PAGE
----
Rigid building materials used to be the norm – engineers would value high-grade steel for its great strength, while groaning under the limitations of its weight. Doctors would use plaster for splinting broken bones, confident in its structural integrity but displeased by the amount of time and work which plaster casting entailed. Ever since the advent of fiber-reinforced plastics, these concerns have been a thing of the past. Thermoplastic tape has shown the benefits of its inherent combination of great in-situ flexibility combined with its immense strength once set.
The Structure and Function of Thermoplastic Tape
Thermoplastic tape is a composite combining the properties of fibers and plastics. Essentially, the product consists of a continuous roving pre-impregnated (prepreg) with polymer plastic. Such composites are highly flexible at average temperatures, but harden when the material is subjected to heat and cooled off again. This reaction is caused by the plastic impregnation of the thermoplastic tape melting and creating a homogenous liquid which, when cooled off, forms polymer links, providing a hardened composite element.
This provides the tape with a number of useful properties and abilities:
- Flexible placement before curing
- Great strength and rigidity after curing
- Easy to store and quick to apply
- High degree of recyclability
These properties make it an ideal product for organo sheet layups as well as in-situ applications. However, since the production of composite parts using non-crimp fabrics and organo sheets has been in decline ever since the proliferation of industrial direct fiber placement techniques, thermoplastic materials are today most frequently used by emergency services for splinting broken bones and similar applications.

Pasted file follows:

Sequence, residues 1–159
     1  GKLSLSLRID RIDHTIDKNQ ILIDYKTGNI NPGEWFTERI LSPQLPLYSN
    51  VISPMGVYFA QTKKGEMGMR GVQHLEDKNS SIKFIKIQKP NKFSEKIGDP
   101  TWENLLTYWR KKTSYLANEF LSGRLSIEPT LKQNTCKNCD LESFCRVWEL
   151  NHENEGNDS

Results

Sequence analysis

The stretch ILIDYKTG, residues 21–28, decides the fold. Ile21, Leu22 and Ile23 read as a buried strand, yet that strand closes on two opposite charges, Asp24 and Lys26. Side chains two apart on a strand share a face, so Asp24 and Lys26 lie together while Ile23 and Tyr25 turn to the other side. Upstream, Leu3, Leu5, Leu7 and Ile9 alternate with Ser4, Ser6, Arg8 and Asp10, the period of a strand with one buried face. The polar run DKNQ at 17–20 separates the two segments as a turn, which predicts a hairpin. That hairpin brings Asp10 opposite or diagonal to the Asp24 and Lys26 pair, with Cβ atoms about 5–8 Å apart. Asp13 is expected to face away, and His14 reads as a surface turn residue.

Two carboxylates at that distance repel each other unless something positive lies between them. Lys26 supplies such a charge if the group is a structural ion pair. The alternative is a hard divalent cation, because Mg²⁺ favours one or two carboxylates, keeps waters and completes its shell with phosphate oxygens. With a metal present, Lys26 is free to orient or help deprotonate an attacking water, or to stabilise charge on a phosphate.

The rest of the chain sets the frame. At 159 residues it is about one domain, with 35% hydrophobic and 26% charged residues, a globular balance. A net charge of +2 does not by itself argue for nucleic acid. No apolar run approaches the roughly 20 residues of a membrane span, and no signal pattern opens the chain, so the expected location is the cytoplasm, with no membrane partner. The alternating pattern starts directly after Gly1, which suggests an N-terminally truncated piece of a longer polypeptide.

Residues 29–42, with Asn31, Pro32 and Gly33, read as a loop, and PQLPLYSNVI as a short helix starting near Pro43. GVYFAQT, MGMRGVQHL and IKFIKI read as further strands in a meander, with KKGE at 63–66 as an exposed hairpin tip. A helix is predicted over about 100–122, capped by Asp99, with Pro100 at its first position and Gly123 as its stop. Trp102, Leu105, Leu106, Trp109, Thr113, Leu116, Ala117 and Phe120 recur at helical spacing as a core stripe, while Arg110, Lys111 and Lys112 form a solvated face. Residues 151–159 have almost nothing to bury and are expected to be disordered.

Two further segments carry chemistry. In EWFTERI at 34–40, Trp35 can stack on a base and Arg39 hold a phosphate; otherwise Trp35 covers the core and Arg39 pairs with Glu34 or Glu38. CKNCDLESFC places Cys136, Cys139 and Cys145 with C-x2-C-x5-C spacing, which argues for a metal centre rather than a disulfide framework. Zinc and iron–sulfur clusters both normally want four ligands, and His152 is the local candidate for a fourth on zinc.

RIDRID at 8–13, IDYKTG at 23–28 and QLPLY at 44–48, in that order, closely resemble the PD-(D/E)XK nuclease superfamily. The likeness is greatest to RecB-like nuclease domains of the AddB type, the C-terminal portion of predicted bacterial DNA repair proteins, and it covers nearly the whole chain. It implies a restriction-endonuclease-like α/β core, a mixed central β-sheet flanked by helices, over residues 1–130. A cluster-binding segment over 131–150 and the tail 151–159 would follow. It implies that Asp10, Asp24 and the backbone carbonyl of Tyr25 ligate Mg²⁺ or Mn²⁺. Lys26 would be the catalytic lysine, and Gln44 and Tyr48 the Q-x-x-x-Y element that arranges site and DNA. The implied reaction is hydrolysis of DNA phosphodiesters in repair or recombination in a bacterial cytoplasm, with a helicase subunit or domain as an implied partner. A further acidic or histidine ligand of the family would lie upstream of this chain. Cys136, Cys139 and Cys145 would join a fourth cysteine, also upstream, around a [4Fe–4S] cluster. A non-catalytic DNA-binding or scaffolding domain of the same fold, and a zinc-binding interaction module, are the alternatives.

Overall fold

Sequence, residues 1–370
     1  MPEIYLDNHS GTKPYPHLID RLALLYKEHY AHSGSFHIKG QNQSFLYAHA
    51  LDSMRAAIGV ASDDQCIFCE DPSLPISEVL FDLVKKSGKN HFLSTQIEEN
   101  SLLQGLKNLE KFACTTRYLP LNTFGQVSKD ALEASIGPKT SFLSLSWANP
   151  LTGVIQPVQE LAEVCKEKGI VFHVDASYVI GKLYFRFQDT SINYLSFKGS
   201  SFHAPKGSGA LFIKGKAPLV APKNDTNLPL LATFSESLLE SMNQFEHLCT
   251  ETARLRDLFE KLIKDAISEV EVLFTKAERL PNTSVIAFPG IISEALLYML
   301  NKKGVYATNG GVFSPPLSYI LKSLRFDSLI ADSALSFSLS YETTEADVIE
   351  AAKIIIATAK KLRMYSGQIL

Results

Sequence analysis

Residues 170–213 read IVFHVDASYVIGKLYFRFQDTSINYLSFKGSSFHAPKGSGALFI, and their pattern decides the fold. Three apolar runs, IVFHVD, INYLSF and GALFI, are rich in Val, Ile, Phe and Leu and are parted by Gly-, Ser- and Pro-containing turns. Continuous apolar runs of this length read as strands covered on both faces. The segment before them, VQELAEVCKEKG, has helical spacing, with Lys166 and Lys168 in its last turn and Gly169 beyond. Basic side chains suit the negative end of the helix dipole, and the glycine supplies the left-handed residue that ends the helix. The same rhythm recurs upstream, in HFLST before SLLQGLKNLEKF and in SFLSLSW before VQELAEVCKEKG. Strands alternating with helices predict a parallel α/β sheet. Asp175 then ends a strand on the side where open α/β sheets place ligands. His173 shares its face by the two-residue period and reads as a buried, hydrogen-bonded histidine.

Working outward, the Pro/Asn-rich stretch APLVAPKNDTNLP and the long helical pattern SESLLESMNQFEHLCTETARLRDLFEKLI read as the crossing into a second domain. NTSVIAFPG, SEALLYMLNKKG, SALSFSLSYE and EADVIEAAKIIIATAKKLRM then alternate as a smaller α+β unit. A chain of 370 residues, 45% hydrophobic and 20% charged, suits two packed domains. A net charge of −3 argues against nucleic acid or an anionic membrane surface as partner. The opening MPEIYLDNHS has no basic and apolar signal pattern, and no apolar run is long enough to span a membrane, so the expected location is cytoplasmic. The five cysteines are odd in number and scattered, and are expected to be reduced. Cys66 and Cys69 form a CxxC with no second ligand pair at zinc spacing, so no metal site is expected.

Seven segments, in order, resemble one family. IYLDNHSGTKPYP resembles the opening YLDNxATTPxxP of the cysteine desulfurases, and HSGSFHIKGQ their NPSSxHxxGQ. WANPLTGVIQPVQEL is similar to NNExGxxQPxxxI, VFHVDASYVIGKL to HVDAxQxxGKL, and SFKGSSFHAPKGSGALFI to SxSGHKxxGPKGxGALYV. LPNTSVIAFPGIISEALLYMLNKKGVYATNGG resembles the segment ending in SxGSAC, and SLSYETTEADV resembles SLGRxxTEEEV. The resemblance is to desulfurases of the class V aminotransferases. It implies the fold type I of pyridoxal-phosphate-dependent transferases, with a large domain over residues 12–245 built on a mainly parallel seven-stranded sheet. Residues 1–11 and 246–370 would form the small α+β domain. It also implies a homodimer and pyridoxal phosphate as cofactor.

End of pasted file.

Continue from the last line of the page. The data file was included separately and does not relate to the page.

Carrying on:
The different Types of Fiber-Plastic Technology
There are essentially two different types of materials employing the principle of fiber-reinforced plastic composites: thermoplastic and duroplastic products. While both of these materials demonstrate similar properties, there are distinct differences in the details.
Most notably, thermoplastics feature resins which soften with the application of heat and harden at average temperatures. However, this reaction can also be performed in reverse, liquefying the resin and making the tape flexible again. Thus, these composites can be reused to some extent. Meanwhile, duroplastic composites feature resins which cross-link when heated, causing an irreversible chemical reaction.
This also means that thermoplastic tape is more susceptible to unwanted deformation at high temperatures, leading to the material chiefly being employed for in-situ nonpermanent applications such as splinting bones. Duroplastics, in contrast, are used to create more robust shapes meant to resist both deformation and impact even at a high temperature.
The production of thermoplastic tape is a relatively complex procedure, involving extensive matrix know-how.
In addition, thermoplastic tape requires more heat to set compared to duroplastic composite materials. It can also easily be stored at average temperatures. The plastic resins employed in duroplastics cause chemical reactions even at lower temperatures, which means that the latter material needs to be stored in cooler conditions than thermoplastics to prevent the resin from accidentally hardening irreversibly, making the tapes unusable.
Thermoplastic Tape versus direct Fiber Placement
Today, thermoplastics are still an upcoming solution for high volume applications. Easily shaped and re-shaped, the material provides immense strength, damage resistance and rigidity while being flexible and temperature-resistant. Combining tapes to injection molding processes is one very relevant path for CFRP in high volume application.
For the creation of sophisticated composite parts, Automated Fiber Placement techniques such as the patented Compositence system have the distinct advantage of being a cost-effective way to process thermoplastic tape into semi-finished products for injection molding or even final parts.